My edgeland is 90 acres of rail embankment, pasture, farmland, canal, river, scrub, woodland and a sewage works sandwiched between the Leicester City suburb of Wigston in the north, Countesthorpe village in the South and Blaby in the west. From the outside looking in there is nothing remarkable about this patch of land. To some it is ugly, barren and on first inspection lifeless. Luckily beauty is in the eye of the beholder and from the inside looking out this is a rich and varied habitat for an extensive variety of flora and fauna. An unappreciated, neglected hidden gem. Here it is in pictures, from start to finish. These were taken in October and so it may look a little bleak and colourless. It’s worth mentioning that the river is wider than it looks but as the banks are steep and largely inaccessible the photographs do not really convey this.
The rail bridge and gateway to the edgeland.
First field of unmanaged pasture. A private fishing lake, once an old gravel pit, lies beyond the hedge on the right.
Looking back to civilisation.
Second field and more unmanaged pasture, the large Hawthorn hedge gives way to Blackthorn.
Third field and more wildflower amongst the grass, beyond the hedge to the right is the foxes field where they follow the hedge line and pass through into this one.
Canal meadow, you can just make the locks out in the background. The high-wires here are the plaything of vast swathes of Starlings.
Looking back from the raised bank and locks over the first four fields of edgeland.
The locks on the Grand Union canal, right along the canal leads to South Wigston, left leads to the pub!
Beyond the locks and into river meadow.
Beyond the hedge is another accessible meadow. Owl meadow is home to the Little Owls and in spring and summer is awash with wildflower colour.
The footbridge across the river Sence at the bottom of river meadow.
Downstream on the river, the Willow in the bend is home to Moorhens.
Looking upstream the river is narrow and swamped with reed, further up it broadens dramatically just as my access ends.
Following the river downstream into the next meadow. The river snakes and bends continuously.
Willow point, a favourite place of Willow Warblers and Long-tailed Tits.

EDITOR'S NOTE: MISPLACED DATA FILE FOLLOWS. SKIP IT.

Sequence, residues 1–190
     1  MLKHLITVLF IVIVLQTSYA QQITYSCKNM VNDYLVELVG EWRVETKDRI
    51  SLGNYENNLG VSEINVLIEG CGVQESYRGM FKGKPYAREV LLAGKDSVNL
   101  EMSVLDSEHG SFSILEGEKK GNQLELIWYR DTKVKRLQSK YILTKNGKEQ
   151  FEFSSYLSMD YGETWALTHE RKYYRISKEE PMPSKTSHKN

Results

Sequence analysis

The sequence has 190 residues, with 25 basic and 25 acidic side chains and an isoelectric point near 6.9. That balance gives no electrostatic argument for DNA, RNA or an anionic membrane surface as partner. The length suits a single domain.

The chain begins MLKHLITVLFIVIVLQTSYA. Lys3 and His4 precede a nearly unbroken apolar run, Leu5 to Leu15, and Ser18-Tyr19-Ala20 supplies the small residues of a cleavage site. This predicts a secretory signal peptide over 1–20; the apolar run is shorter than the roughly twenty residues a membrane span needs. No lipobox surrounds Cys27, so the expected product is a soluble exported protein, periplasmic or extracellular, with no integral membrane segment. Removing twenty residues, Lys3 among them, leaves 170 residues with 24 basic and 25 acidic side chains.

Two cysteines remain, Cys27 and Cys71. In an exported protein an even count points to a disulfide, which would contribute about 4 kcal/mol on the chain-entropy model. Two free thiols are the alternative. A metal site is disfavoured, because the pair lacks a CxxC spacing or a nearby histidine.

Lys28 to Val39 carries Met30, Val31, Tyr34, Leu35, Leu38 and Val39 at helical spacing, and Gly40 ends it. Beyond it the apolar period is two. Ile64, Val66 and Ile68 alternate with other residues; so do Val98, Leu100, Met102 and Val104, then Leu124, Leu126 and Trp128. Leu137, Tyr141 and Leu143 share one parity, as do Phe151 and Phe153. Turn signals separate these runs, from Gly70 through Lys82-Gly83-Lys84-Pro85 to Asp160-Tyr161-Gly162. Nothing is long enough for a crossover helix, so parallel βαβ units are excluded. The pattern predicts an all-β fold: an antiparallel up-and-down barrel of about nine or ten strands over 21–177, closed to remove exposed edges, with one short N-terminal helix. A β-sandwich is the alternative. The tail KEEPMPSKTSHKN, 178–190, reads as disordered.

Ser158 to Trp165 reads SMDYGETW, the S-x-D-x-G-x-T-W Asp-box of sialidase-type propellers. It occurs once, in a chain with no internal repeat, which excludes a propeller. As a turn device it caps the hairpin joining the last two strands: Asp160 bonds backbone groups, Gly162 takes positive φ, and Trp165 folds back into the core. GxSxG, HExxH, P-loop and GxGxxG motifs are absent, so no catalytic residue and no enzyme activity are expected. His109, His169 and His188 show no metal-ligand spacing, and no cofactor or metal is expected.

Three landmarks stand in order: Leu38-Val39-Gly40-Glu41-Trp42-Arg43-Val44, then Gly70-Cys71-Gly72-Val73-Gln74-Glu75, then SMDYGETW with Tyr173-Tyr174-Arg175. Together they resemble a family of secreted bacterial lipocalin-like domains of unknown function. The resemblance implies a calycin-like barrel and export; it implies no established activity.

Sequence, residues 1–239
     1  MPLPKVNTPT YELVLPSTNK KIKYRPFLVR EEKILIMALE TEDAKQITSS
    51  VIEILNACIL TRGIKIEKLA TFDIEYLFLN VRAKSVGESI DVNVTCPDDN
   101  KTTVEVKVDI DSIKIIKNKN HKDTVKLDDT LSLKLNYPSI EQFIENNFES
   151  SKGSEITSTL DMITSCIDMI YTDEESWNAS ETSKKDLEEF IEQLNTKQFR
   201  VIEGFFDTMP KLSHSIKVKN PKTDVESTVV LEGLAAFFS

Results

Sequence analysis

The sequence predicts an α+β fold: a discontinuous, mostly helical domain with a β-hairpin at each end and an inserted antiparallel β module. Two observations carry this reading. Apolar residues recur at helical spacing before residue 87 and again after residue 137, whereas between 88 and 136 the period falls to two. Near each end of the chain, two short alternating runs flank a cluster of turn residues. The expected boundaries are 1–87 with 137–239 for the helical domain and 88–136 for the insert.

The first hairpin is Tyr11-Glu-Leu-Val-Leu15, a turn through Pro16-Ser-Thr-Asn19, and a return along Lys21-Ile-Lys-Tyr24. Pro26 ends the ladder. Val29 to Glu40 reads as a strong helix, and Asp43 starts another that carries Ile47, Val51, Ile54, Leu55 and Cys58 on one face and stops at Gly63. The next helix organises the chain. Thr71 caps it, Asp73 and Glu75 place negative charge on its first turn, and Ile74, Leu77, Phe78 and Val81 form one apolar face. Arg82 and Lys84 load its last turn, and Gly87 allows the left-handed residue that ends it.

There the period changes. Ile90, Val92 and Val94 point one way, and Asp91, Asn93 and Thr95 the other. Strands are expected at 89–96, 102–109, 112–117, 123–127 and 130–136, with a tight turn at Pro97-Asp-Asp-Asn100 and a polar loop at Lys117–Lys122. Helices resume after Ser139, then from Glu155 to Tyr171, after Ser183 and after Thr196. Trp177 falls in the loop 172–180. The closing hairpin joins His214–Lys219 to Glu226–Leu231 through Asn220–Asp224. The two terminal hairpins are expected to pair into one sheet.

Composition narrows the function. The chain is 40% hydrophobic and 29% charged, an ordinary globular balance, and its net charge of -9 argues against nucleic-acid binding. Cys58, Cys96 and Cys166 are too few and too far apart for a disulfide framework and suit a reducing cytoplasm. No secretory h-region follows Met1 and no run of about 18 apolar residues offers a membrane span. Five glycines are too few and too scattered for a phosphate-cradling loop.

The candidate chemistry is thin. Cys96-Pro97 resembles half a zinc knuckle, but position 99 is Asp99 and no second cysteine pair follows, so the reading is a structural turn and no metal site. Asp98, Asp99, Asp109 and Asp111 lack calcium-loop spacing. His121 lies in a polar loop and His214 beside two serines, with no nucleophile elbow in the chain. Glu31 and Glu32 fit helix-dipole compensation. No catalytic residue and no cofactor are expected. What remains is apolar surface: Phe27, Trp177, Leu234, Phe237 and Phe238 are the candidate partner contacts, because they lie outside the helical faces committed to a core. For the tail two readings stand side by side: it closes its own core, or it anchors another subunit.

The banks are overgrown with nettle, hogweed and teasel.
Still downstream, the river dips in a dramatic U-shape forming the wooded island.
The northern tip of the island. The river bed here forms a muddy beach where I saw a Water rail sifting for food.
Another Willow at the southern tip of the island, another good moorhen spot.
Around the bend you can see how the river forms a moat around the island.
Another Willow forms the top of the U as the river heads out of reach.
The gate to this pasture marks the border of my edgeland. You can just make out the town in the background.Another look at the island.
Treading back along the river and across the footbridge is a large expanse of farmland that stretches east to the medieval village of Kilby. Crows, Rooks, Jackdaws and Guls gather here on mass. Pheasants can be seen around the woodland edges.
Looking to the right there is another copse that hides a large pond.
To the left you can see the wooded island where we were before.
An Oak takes centre stage in this ploughed land.
Crossing over we reach the sewage works.
And over a small brook, a tributary to the Sence.
Left leads into the Woods.
The sewage works can be a little unnerving. A desolate place even on a working day.
The path into the woods.
The home of the Sparrowhawks and Great Spotted Woodpecker.
This monstrosity runs alongside the adjoining path.
A look back at where we have been.
And forward into the small scrub. These grassy patches make perfect ant-eating for Green Woodpeckers.
It is thick with bramble here and fruiting Horthawn lines the perimeter
Looking out over the scrub and into the back of the woods.
Just to show the proximity to the sewage towers. It doesn’t bother nature.
At the woodland edge.
The fence line is a favourite perch for Robins. Dozens of Finches, Tits and Wrens call this place home and it is never quiet or devoid of life.
Back through the woods and into the Sewage Works meadow, managed by the council.
And then the paths filters into more scrub and woodland. Redwing, Thrush and Blackbird like the bramble here in autumn.
Looking backwards the site as lined with mature Willow and a small brook. Willow Warblers can always be seen here in the summer and Wood Pigeons use them to roost on mass.
It leads to the large, inaccessible scrub. This is Kestrel country, almost always on display. Meadow Pipits too. The sewage works is behind the hedge running down the right hand side.
Panning around the scrub keeps going. It looks desolate in October but it is buzzing with life in spring and summer.